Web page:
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ABSTRACT: Parents are important role models for their children's eating behaviours. This study aimed to further validate the recently developed Parental Modelling of Eating Behaviours Scale (PARM; Palfreyman, Haycraft & Meyer, 2012) by examining the relationships between maternal self-reports on the PARM with the modelling practices exhibited by these mothers during three family mealtime observations. Relationships between observed maternal modelling and maternal reports of children's eating behaviours were also explored. Seventeen mothers with children aged between 2 and 6 years were video recorded at home on three separate occasions whilst eating a meal with their child. Mothers also completed the PARM, the Children's Eating Behaviour Questionnaire and provided demographic information about themselves and their child. Findings provided validation for all three PARM subscales, which were positively associated with their observed counterparts on the observational coding scheme (PARM-O). The results also indicate that habituation to observations did not change the feeding behaviours displayed by mothers. In addition, observed maternal modelling was significantly related to children's food responsiveness (i.e., their interest in and desire for foods), enjoyment of food, and food fussiness. This study makes three important contributions to the literature. It provides construct validation for the PARM measure and provides further observational support for maternal modelling being related to lower levels of food fussiness and higher levels of food enjoyment in their children. These findings also suggest that maternal feeding behaviours remain consistent across repeated observations of family mealtimes, providing validation for previous research which has used single observations.Appetite 08/2014; 86. · 2.52 Impact Factor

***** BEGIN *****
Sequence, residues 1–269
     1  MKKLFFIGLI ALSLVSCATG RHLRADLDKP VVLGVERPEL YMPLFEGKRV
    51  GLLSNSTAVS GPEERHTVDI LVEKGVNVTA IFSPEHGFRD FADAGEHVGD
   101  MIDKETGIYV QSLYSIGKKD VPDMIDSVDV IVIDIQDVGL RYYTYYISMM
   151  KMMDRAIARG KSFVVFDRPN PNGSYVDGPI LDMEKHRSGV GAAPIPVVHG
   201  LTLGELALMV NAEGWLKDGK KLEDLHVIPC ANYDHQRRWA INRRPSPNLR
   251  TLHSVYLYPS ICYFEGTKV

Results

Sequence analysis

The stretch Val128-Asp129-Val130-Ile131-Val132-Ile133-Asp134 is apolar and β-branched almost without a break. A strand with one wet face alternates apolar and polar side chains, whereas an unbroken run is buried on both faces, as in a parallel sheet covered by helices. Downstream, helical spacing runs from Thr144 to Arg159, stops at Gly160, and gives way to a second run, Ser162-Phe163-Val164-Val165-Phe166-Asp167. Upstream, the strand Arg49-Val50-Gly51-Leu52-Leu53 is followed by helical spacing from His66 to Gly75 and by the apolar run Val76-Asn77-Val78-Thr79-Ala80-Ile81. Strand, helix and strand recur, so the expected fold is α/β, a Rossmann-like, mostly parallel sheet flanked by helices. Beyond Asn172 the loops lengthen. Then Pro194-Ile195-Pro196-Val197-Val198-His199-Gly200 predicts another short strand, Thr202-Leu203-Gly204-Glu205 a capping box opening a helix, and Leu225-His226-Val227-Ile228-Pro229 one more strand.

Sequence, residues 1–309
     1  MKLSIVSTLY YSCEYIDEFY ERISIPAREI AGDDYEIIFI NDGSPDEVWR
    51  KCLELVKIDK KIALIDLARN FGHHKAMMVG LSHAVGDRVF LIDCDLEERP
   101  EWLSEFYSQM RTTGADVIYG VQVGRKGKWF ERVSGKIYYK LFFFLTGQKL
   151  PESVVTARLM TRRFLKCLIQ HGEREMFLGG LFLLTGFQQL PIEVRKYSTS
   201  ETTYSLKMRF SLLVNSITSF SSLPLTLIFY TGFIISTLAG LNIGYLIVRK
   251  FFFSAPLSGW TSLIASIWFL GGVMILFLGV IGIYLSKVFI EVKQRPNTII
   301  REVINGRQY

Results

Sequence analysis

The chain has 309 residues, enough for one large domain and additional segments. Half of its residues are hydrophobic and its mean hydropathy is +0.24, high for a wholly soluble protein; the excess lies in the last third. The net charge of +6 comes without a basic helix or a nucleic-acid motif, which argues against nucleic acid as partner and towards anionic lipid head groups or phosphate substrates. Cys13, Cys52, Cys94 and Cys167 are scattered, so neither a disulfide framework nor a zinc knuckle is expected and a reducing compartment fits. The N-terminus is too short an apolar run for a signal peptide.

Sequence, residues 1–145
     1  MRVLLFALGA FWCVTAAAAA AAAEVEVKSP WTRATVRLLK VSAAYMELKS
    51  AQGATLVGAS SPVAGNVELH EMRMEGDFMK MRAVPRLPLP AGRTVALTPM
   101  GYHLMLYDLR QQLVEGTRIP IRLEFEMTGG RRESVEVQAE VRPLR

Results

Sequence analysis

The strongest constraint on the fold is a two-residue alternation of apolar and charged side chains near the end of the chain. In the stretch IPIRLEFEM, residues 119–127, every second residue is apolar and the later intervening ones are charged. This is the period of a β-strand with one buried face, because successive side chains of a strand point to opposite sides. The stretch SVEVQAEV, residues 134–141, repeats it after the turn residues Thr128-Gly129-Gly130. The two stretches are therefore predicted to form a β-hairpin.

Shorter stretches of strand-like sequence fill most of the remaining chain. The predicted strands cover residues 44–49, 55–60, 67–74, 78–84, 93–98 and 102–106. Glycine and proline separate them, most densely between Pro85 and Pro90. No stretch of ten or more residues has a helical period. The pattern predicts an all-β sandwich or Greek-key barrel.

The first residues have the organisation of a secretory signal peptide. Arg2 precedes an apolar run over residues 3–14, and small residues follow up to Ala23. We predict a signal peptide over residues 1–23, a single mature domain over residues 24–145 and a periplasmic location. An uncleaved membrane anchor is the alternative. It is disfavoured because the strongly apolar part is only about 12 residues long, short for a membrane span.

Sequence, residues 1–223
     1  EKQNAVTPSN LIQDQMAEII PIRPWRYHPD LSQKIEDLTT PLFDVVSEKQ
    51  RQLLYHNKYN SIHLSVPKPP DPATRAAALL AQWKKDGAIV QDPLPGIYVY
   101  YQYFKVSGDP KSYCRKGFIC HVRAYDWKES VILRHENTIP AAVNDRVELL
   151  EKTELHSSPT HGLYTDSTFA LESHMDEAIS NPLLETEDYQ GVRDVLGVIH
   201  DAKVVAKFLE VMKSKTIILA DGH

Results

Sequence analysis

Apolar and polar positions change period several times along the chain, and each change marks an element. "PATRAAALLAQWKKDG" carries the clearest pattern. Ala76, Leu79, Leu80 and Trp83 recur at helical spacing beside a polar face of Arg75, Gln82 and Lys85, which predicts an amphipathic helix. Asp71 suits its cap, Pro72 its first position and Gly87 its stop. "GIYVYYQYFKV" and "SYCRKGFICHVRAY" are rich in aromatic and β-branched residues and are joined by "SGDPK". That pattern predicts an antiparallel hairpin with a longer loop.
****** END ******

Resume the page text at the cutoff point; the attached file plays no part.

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ABSTRACT: OBJECTIVE: The prevalence of overweight among infants and toddlers has increased dramatically in the past three decades, highlighting the importance of identifying factors contributing to early excess weight gain, particularly in high-risk groups. Parental feeding styles and the attitudes and behaviors that characterize parental approaches to maintaining or modifying children's eating behavior are an important behavioral component shaping early obesity risk. DESIGN AND METHODS: Using longitudinal data from the Infant Care and Risk of Obesity Study, a cohort study of 217 African-American mother-infant pairs with feeding styles, dietary recalls, and anthropometry collected from 3 to 18 months of infant age, we examined the relationship between feeding styles, infant diet, and weight-for-age and sum of skinfolds. RESULTS: Longitudinal mixed models indicated that higher pressuring and indulgent feeding style scores were positively associated with greater infant energy intake, reduced odds of breastfeeding, and higher levels of age-inappropriate feeding of liquids and solids, whereas restrictive feeding styles were associated with lower energy intake, higher odds of breastfeeding, and reduced odds of inappropriate feeding. Pressuring and restriction were also oppositely related to infant size with pressuring associated with lower infant weight-for-age and restriction with higher weight-for-age and sum of skinfolds. Infant size also predicted maternal feeding styles in subsequent visits indicating that the relationship between size and feeding styles is likely bidirectional. CONCLUSION: Our results suggest that the degree to which parents are pressuring or restrictive during feeding shapes the early feeding environment and, consequently, may be an important environmental factor in the development of obesity.Obesity 03/2013; 21(3):562-571. · 4.39 Impact Factor